Sulgrave Mummers' Play [Northamptonshire, 1921]

A.Helm & E.C.Cawte (1967) pp.15-22


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Context:
Location: Sulgrave, Northamptonshire, England (SP5545)
Year: Perf. 1921
Time of Occurrence: Christmas
Collective Name: Mummers

Source:

Alex Helm & E.C.Cawte
Six Mummers' Acts
Leicestershire, Guizer Press, 1967, pp.15-22


Cast: (Click on any name for the character name index.)
Text:

{Enter Molly}

Molly

A room, a room,
For me and my broom,
And all my brave company.
I'll sweep your house as clear as a berry
For very little money.
Come in, my foreman.

{Enter Duke of Cumberland}

Duke of Cumberland

In comes I the Duke of Cumberland
With my broad sword in my hand.
Where is a man who care before me stand?
I would kill him, slay him, and cut him up as small as flies,
And send him to Jamaica to make mince pies.

Molly

You will? Stand back then.
Come in King George.

{Enter King George}

King George

In comes King George with sword in hand,
Where is that man who said he dare before me stand!

Duke of Cumberland

Here he is!

King George

You said you would kill me, slay me, and cut me up as small as flies,
And send me to Jamaica to make mince pies.

Duke of Cumberland

And so I will.

[King George and Duke of Cumberland] {Together}

Mince pies hot, mince pies cold,
Mince pies in the pot nine days old.
A battle, a battle betwixt you and I,
To see which on the ground shall lie.

{A battle between King George and the Duke in which the Duke knocks down King George.}

Molly

Stand back, stand back, you have killed the man!
Is there a good doctor in the land?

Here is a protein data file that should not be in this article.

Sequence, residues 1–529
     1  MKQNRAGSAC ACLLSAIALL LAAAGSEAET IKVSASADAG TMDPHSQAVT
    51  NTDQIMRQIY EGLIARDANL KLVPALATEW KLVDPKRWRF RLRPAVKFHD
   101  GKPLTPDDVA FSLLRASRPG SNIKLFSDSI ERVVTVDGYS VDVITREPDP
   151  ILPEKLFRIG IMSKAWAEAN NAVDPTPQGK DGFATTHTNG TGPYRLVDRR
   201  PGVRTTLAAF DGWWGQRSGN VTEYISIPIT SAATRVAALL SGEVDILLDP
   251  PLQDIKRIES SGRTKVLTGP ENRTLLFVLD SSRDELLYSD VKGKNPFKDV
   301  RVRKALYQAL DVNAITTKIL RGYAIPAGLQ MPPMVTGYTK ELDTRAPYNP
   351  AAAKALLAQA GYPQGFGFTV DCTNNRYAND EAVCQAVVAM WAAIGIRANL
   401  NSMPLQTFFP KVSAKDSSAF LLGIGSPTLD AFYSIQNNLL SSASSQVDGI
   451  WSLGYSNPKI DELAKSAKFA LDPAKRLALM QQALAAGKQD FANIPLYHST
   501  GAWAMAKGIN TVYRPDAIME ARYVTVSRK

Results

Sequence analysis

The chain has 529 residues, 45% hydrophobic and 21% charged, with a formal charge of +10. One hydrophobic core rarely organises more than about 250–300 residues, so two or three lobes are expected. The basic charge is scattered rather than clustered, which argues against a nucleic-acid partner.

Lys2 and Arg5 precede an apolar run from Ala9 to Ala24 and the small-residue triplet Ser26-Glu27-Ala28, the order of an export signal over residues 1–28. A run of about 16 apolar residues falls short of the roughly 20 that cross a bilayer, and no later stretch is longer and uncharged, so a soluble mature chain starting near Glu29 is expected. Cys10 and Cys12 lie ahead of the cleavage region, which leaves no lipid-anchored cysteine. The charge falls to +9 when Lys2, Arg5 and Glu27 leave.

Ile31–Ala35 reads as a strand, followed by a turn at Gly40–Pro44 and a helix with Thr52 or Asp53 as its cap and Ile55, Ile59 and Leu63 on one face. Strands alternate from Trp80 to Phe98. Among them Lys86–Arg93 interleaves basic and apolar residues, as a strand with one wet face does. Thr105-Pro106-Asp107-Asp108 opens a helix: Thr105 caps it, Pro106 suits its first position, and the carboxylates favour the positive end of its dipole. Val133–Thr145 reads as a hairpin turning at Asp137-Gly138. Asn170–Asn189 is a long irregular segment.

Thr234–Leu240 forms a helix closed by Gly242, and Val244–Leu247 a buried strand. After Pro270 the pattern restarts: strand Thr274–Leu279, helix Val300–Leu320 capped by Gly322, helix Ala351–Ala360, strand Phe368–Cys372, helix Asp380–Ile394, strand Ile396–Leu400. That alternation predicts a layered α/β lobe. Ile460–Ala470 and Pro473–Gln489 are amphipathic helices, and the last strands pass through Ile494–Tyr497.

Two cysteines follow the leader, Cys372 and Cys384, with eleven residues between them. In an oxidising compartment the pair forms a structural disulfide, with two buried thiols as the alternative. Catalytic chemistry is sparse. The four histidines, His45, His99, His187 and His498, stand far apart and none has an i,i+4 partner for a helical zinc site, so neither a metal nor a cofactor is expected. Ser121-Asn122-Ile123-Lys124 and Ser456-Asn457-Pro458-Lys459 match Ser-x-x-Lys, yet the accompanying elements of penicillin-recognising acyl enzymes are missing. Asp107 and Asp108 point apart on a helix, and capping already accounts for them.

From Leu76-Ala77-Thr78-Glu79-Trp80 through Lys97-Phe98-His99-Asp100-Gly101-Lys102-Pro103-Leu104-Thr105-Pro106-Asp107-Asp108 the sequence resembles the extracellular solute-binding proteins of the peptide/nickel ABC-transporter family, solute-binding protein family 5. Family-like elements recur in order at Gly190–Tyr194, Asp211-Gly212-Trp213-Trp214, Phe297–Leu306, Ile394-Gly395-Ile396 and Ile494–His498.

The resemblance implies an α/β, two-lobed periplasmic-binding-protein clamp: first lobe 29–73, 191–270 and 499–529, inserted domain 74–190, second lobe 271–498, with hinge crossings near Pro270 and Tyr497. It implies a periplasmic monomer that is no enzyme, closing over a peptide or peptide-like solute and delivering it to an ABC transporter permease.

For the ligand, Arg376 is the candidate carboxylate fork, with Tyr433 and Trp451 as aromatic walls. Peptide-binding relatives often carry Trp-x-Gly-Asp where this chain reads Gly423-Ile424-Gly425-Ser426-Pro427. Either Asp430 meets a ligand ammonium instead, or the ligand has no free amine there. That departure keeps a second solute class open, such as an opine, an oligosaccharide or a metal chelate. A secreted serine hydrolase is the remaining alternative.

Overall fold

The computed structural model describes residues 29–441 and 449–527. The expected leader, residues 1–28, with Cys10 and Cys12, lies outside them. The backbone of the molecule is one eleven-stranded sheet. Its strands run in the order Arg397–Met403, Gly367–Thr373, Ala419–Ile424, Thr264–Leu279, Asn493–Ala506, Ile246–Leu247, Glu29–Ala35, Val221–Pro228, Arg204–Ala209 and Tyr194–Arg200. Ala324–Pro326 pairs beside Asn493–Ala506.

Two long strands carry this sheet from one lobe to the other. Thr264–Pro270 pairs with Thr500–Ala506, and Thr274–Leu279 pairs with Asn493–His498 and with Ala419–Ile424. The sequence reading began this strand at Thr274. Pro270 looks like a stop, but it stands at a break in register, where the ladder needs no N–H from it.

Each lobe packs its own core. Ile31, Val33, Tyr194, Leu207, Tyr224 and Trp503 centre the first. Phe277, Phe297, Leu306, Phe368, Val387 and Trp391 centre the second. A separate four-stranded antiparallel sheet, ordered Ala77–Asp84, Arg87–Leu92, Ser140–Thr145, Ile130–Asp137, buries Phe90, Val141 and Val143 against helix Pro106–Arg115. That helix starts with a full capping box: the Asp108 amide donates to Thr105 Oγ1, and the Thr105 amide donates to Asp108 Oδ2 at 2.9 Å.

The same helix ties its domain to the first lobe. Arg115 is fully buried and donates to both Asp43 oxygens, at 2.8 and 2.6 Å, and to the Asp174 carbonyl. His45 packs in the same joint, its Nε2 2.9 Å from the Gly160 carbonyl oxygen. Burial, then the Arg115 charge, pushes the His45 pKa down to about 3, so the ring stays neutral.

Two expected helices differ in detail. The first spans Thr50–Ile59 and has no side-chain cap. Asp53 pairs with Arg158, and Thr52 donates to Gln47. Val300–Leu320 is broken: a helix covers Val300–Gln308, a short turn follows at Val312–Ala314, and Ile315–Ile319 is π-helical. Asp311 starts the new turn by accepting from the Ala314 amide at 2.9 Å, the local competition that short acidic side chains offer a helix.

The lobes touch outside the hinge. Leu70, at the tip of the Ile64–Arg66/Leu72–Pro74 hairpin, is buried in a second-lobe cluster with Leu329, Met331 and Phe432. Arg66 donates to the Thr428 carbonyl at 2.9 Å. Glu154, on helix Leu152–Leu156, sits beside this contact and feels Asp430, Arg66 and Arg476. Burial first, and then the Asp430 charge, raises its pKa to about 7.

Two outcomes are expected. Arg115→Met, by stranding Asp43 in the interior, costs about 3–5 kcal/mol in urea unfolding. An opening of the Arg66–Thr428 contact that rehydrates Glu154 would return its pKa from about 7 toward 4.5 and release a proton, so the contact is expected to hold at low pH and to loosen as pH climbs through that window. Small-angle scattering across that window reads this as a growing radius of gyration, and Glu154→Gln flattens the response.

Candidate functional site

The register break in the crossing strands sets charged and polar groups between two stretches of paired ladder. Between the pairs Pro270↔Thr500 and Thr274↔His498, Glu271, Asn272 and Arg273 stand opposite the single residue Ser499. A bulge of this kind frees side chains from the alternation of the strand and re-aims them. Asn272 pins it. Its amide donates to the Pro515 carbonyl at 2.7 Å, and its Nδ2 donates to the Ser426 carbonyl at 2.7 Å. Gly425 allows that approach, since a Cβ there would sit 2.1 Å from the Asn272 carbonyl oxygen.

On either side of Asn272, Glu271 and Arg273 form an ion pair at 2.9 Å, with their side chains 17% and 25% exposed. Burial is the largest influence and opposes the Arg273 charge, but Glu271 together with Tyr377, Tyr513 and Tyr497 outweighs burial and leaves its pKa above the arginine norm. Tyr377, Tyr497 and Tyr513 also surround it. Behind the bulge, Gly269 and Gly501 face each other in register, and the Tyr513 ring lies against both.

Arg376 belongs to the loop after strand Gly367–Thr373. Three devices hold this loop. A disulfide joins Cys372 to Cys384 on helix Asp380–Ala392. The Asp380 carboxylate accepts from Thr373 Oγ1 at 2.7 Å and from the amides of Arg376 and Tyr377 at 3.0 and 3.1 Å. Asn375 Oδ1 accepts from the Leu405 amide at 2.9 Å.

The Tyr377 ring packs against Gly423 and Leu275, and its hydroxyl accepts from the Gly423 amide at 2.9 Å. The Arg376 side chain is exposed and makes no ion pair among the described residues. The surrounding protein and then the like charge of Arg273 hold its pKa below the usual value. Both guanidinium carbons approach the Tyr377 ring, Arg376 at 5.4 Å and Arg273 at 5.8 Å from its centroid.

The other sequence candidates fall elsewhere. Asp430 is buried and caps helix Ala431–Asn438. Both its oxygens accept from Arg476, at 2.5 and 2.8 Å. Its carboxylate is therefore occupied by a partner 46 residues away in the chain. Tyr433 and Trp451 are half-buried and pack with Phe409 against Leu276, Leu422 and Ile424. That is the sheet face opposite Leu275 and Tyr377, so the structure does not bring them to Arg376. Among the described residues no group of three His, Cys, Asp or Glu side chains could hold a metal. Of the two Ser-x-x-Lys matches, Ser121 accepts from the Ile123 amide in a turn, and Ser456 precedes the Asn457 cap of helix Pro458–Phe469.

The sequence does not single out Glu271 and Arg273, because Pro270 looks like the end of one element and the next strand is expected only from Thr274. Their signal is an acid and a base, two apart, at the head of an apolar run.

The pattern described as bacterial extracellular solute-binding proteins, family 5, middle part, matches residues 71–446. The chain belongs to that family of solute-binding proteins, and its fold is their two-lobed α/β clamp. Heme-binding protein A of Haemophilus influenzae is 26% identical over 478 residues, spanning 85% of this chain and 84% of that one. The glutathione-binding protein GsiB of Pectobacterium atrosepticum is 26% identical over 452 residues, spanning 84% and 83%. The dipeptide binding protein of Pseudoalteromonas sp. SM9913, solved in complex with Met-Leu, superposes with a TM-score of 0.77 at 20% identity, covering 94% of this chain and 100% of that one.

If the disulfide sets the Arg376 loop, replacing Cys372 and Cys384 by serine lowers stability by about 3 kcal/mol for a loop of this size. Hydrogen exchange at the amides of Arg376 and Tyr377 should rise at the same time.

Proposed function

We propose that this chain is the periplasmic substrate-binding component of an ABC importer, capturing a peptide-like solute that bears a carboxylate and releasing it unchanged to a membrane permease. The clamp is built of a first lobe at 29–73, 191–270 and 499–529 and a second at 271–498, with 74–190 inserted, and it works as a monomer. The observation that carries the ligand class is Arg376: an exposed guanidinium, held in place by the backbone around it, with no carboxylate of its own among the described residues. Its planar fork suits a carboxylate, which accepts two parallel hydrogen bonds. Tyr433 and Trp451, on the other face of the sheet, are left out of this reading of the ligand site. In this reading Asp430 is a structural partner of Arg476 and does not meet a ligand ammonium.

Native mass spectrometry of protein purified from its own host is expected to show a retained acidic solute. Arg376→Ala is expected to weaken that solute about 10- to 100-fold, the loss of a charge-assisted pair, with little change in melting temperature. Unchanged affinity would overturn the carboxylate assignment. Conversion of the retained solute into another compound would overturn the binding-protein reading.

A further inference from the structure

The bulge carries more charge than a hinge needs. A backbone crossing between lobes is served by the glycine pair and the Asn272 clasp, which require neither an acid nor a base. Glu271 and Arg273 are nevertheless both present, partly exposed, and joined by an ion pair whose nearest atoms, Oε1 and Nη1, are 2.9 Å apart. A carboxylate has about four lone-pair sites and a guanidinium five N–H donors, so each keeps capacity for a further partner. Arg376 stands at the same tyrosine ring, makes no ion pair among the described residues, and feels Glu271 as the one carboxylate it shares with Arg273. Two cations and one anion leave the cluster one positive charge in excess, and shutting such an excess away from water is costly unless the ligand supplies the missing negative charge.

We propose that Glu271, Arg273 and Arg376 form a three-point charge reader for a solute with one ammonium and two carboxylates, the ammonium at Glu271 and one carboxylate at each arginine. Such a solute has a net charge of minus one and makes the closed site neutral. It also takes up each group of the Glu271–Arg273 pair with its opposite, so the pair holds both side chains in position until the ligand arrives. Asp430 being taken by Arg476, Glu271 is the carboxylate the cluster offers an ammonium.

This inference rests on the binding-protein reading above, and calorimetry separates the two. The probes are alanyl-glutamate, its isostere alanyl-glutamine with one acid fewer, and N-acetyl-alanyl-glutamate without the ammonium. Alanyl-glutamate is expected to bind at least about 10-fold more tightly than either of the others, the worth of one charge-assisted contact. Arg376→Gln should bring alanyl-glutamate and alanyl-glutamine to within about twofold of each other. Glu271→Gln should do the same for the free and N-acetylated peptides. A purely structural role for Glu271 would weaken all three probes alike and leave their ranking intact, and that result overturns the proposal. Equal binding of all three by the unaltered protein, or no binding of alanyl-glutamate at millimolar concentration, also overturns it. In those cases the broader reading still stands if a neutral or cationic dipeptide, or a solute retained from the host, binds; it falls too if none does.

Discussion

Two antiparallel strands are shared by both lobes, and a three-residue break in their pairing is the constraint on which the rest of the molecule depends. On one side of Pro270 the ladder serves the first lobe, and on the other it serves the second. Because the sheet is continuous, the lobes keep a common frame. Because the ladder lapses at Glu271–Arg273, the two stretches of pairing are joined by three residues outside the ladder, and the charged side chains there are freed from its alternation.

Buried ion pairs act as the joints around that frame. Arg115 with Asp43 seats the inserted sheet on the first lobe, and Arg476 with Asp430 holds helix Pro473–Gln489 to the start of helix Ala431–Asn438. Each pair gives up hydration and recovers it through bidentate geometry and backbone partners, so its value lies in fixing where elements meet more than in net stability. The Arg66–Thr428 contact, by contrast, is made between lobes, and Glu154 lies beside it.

{Enter Dr.Parr}

Dr.Parr

Yes, there is a good doctor in the land.

Molly

Five thousand pounds for a good doctor to come.

Dr.Parr

Doctor won't come to no such money!

Molly

Ten thousand pounds for a good doctor to come!

Dr. Parr

Doctor will come, long way to come, and a ricketty old nag to come on.

{Doctor rides in on another man's back.}

Dr.Parr

In comes I, old Doctor Parr,
And in my time I've travelled far.
I've travelled England, Scotland, Wales and Rome,
And yet I've never been far from home.

Molly

How do you make that out then?

Dr.Parr

Because I've always stayed at home.

Molly

What can you do now you have come?

Dr.Parr

I can cure the ip, the pip, the stitch, the palsy and the gout,
Pains within and pains without.
I can cure any old major or jay who can't cough for laughing.

Molly

You had better set to work then.

Dr.Parr

I'll give him a drop of my medicine.

Molly

Don't choke the man.

Dr.Parr

I only gave him a tablespoonful.

Molly

A barushovelful?

Dr.Parr

A tablespoonful!

Molly

Cavinscuttleful?

Dr.Parr

No, a tablespoonful!

Molly

Oh! I see.

Dr.Parr

But no wonder the man lies here half dead.
He's got a big tooth in the back of his head,
And if it's not drawn he will soon be dead.

Molly

Better draw it then.

Dr.Parr

I shall want one or two of you camel-backed Irishmen to help pull.

Duke of Cumberland

I'll make one!

Molly

I'll do a little.

Dr.Parr

Are you all ready? Pull!

Molly

Have you got it?

Dr. Parr

No, slipped off.
Are you all ready? Pull!

Molly

Have you got it?

Dr.Parr

Yes. No wonder the man lay here half dead,
To see this great tooth I've drawn from his head.

Molly

Better hand it round the company then.

{Dr.Parr holds up a large tooth - horse's.}